Employment in Canada’s cannabis industry has nearly quadrupled in the past year, while the number of companies in the space has more than doubled, according to the latest Statistics Canada data.

StatsCan reported Thursday that there are 9,200 people currently working in the Canadian cannabis sector, up from 2,630 in the fiscal 2018 year and 1,438 in fiscal 2017. Meanwhile, the number of companies in the industry is now tallied at 175, up from 83 a year earlier and 37 in 2017, StatsCan said.

The figures come from a profile of federally-licensed cannabis producers, which outlines how employment, inventory levels, sales and other financial metrics have fared in the country’s legal marijuana space over the past three years. The growth figures are not entirely surprising given that Canada legalized recreational cannabis in October, which resulted in a significant hiring spree since that time to meet the demand for the legal product.

As of April, total assets in Canada’s cannabis space reached $4.2 billion, almost double the $2.5 billion that was counted in fiscal 2018, and a significant jump from $704 million in fiscal 2017, according to StatsCan. Investment spending also rose rapidly with $233 million spent in 2018, up from a scant $46 million the prior fiscal year.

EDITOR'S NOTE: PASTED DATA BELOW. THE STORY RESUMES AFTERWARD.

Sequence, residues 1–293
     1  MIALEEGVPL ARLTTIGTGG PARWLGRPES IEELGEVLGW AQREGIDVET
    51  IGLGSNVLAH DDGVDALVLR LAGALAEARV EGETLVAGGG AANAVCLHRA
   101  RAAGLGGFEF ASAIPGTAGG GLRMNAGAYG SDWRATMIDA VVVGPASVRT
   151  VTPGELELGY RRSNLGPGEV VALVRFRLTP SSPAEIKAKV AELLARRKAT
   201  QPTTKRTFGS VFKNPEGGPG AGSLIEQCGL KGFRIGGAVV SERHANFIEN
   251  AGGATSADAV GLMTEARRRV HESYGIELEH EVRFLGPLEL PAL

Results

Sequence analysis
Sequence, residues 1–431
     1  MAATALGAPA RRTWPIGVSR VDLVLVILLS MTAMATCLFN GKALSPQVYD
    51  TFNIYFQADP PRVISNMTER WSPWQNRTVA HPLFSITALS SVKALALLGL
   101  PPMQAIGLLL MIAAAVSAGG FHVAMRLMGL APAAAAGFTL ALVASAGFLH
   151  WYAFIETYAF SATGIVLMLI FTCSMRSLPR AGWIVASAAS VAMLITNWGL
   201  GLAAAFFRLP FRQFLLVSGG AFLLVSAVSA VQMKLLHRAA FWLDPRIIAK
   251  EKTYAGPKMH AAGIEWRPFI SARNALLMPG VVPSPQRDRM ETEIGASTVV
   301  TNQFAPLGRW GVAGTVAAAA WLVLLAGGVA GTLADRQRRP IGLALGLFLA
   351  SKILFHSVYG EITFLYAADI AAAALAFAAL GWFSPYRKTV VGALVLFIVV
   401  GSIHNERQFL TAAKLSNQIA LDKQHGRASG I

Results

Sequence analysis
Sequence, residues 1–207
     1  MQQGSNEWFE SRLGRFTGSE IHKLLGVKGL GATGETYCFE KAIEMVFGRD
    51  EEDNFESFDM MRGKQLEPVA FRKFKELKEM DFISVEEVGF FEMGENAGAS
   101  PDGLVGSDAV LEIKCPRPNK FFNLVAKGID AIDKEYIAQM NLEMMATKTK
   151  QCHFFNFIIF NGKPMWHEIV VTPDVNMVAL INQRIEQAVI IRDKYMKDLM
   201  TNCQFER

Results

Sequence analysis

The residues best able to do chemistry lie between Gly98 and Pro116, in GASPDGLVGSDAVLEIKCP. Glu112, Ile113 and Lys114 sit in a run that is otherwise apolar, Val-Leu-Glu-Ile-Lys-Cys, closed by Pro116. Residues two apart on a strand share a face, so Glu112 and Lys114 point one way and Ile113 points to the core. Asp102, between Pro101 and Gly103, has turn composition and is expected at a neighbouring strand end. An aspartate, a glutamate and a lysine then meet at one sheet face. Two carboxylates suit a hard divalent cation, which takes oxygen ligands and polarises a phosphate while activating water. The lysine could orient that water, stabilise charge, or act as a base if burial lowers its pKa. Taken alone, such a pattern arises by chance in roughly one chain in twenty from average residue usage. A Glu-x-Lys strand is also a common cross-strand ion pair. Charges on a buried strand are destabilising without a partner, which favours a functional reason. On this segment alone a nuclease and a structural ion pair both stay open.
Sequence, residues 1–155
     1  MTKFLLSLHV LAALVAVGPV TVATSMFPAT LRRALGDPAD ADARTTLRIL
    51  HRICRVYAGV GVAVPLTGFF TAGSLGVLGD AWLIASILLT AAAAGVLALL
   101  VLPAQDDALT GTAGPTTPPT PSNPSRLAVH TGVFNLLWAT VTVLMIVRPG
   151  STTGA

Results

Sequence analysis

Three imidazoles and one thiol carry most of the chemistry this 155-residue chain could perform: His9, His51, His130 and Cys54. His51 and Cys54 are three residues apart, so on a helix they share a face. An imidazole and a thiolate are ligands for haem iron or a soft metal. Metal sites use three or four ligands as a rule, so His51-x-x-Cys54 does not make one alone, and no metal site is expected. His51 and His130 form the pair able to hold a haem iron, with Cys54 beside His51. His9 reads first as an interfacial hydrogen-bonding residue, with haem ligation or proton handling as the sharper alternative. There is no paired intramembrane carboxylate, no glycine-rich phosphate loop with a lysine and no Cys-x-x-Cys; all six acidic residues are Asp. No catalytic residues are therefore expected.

Canada’s national statistics agency also said licensed producers sold 46 metric tonnes of cannabis in fiscal 2018 and had 39 metric tonnes of inventory at the end of the year. Those companies reported revenues rose 92 per cent in 2018 and a further 52 per cent by April 2019. Cannabis producers notably registered losses in all years reported, StatsCan added.

Wages, salaries and employee benefits accounted for about 29 per cent of cannabis business expenses, while purchases of raw materials and other inputs represented roughly one-quarter of all costs. Other notable expense categories included marketing fees, energy and professional and business fees.

Meanwhile, about 60 per cent of people employed in the cannabis industry worked on cultivation, harvesting, processing, manufacturing and administration. Another 20 per cent were identified to work in packaging, marketing, sales and shipping activities. The remainder worked on quality assurance, research and development, security, engineering and general maintenance activities.

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